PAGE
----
Then-candidate Barack Obama's audacity was the talk of his campaign and of his first two years in office. With his party in control of both the House of Representatives and the Senate, he was able to push through policies that matched his ideals, if not the country's.
But the midterm elections changed everything. Come January, Republicans will control the House and, though Democrats will still control the Senate, their reduced numbers will leave them with less maneuvering room. This new reality has led Obama to compromise with Republicans on a tax bill.
Rather than triangulating, rising above the left and right policy positions, taking credit for rising above the fray and insulating himself from attacks, Obama has managed to both alienate the left and enrage the right. One might argue that the left lives to be alienated and the right to be enraged. But when both sides are unhappy, elections can't be won.
Seemingly on the ropes, Obama called in former President Bill Clinton last Friday for a meeting. This did not at first glance appear to be a bad idea, touching base with the most recent Democratic president whose skills at triangulation are legend. But the private meeting turned into a press conference.
It was surreal. Obama walked up to the pressroom podium wiping his brow. He joked that it was a slow news day, provided background regarding the compromise, then noted, "I have to go over and do some ... just one more Christmas Party." With that, he turned the podium over to Clinton.
"Thank you, Mr. President," Clinton began. "First of all, I feel awkward being here and now you're going to leave me all by myself." He said he felt awkward, but he looked at ease. It was Obama who, standing to the side, looked awkward, unsure.For the next few minutes, Clinton spoke in favor of the tax compromise. He was earnest, serious, thoughtful and concerned about where we are as a country. I felt that he felt our pain. When asked about the advice he had provided to Obama, Clinton responded that it was given in confidence and he would leave it to Obama to comment.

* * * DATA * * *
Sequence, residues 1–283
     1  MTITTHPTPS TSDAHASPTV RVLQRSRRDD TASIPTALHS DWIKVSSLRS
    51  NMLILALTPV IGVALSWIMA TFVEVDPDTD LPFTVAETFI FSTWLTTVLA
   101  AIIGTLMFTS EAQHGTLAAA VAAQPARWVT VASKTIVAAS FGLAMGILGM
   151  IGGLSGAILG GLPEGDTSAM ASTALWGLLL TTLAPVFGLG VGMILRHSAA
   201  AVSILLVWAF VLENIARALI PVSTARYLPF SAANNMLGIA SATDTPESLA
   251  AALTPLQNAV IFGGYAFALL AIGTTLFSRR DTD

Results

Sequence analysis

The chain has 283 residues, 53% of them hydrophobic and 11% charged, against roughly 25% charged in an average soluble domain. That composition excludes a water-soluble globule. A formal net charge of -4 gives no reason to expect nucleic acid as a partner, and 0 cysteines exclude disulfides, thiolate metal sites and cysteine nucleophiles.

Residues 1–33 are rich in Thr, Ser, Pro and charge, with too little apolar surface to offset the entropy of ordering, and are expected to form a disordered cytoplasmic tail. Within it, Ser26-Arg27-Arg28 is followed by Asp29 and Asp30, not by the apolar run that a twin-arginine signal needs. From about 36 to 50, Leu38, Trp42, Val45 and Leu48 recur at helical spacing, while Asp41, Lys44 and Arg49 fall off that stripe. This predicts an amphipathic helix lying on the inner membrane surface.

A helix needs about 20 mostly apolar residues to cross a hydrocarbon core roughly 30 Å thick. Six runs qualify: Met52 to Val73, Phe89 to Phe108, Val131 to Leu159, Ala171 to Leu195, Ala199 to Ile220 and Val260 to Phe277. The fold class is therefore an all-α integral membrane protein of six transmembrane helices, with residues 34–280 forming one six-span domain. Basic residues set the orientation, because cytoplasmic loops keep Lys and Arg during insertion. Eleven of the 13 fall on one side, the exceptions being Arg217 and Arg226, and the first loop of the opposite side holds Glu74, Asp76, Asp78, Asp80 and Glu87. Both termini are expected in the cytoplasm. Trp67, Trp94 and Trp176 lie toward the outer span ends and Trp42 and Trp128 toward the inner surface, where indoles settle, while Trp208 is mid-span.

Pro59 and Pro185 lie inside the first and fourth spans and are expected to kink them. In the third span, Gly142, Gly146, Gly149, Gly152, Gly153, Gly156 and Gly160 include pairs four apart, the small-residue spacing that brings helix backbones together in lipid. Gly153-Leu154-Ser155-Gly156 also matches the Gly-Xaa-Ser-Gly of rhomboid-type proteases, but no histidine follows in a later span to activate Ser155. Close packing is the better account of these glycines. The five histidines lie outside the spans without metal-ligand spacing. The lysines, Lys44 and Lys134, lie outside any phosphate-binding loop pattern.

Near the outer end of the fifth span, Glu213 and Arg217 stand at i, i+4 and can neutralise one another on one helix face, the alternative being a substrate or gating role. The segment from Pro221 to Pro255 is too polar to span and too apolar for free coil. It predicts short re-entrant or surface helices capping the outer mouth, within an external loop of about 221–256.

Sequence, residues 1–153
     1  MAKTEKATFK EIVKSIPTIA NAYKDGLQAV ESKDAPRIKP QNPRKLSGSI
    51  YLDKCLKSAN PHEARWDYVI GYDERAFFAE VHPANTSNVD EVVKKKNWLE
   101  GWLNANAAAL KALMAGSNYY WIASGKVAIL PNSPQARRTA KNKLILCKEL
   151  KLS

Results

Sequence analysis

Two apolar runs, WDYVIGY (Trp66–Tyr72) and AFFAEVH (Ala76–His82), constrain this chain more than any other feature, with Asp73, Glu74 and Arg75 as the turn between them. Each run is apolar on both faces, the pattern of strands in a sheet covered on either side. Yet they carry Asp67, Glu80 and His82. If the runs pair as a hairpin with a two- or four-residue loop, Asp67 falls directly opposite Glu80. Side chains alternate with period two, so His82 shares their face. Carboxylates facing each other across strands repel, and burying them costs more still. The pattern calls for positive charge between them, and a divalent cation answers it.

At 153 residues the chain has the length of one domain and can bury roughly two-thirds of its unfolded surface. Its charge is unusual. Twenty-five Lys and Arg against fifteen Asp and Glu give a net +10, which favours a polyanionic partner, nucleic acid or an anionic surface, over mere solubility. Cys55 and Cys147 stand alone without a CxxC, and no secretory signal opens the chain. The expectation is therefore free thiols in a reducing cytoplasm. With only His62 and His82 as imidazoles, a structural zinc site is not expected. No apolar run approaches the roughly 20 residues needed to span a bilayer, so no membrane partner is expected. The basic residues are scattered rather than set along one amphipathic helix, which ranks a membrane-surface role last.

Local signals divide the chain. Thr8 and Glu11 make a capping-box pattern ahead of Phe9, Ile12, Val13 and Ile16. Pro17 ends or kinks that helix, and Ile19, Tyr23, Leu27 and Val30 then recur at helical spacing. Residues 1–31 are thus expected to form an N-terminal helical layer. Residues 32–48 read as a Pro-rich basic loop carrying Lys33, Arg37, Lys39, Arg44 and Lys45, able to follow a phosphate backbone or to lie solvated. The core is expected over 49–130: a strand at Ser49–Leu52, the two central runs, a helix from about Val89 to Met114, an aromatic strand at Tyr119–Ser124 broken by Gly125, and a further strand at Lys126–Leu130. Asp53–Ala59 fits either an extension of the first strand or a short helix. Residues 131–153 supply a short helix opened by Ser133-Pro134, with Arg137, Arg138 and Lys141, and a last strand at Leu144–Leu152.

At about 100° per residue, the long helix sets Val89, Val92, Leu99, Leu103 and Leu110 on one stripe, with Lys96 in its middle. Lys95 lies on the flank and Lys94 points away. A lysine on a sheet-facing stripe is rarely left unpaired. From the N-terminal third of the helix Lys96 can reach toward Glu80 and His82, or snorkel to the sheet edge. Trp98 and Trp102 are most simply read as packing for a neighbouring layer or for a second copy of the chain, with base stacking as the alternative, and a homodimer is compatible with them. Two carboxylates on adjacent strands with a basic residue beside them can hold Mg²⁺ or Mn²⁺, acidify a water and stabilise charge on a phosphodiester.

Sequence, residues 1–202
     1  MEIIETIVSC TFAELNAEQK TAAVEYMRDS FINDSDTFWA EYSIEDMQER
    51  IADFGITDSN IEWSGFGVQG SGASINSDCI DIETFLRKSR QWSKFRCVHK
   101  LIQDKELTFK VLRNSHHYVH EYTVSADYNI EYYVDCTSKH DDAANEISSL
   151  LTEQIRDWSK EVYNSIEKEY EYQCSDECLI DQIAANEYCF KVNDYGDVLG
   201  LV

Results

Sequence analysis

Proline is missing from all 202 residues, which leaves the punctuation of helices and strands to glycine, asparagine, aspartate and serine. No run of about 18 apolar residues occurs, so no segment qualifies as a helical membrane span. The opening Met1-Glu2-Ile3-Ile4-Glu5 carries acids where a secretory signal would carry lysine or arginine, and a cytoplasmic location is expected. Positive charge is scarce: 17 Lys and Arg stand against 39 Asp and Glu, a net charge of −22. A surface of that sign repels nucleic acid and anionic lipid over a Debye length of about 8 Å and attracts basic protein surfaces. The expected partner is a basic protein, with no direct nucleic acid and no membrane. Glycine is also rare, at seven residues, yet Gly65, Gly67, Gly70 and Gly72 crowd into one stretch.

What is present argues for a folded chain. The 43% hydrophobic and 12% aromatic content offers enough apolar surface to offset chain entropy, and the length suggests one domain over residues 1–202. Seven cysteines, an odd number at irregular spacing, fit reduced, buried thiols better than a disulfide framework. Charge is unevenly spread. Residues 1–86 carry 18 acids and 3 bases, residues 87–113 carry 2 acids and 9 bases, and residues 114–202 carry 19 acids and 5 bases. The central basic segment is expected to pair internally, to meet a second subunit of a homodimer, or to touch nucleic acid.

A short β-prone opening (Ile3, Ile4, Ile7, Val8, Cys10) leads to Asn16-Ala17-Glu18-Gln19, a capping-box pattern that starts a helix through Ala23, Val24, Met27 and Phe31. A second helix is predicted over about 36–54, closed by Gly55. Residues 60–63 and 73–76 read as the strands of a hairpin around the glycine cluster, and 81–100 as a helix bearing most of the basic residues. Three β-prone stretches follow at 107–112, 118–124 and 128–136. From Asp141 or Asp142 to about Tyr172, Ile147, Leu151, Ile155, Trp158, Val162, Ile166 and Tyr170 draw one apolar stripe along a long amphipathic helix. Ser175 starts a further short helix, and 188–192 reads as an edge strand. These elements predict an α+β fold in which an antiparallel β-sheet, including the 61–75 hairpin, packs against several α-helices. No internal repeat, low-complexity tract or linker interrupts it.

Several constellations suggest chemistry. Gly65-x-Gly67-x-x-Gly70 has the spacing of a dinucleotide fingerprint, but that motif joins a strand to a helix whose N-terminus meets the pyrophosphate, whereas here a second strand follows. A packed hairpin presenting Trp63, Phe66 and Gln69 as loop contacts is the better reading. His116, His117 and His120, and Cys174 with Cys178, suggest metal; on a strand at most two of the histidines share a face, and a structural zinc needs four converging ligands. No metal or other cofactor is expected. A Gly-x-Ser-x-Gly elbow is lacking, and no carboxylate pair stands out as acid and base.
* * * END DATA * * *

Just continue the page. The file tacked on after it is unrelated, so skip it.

Obama leaned toward the podium and told the roomful of reporters, "I've been keeping the first lady waiting for about a half an hour, so I'm going to take off, but you're in good hands."
Obama left to go to a party, 11 minutes and 9 seconds into the press conference.
Clinton settled in, placed both elbows on the podium and caught his stride, talking to the press for another 21 minutes. Green tie matching the White House oval behind him, Clinton looked as if he fit in the space better than the current president, who dressed in suit, white shirt and silver tie, looked ready for the party he was attending.
Seeing Clinton behind the podium, passionate and feeling, worried about our country, underscored how different he is from his fellow Democrat. Obama, cerebral and cool, fretted about giving away too much to Republicans and about being late to a Christmas party with his wife.
His argument was that, while not the best option, the compromise "is the best available option." He added, "Everybody's got to give a little."
It's bigger than just this one deal, he continued. "This holds the promise that after the fights are over we'll be able to find principled compromise, and to me it's worth doing."
When people are pressured in new situations, they often lose their way. Several of the Democratic sages Obama might once have counted on are no longer around to provide guidance. Sen. Ted Kennedy, for one.
For the former community organizer who served in the Illinois Senate for six years and the U.S. Senate for two years before announcing his presidential candidacy, this is new territory. While the Democratic Party controlled the House and Senate, Obama's job of governing was easy. But the split government, as Clinton said, is about making deals and making government work.
It's hard work, painstaking work. No one is happy, and every round starts fresh.
The takeaway from the press conference: Clinton still understands our pain; Obama has to go to a party.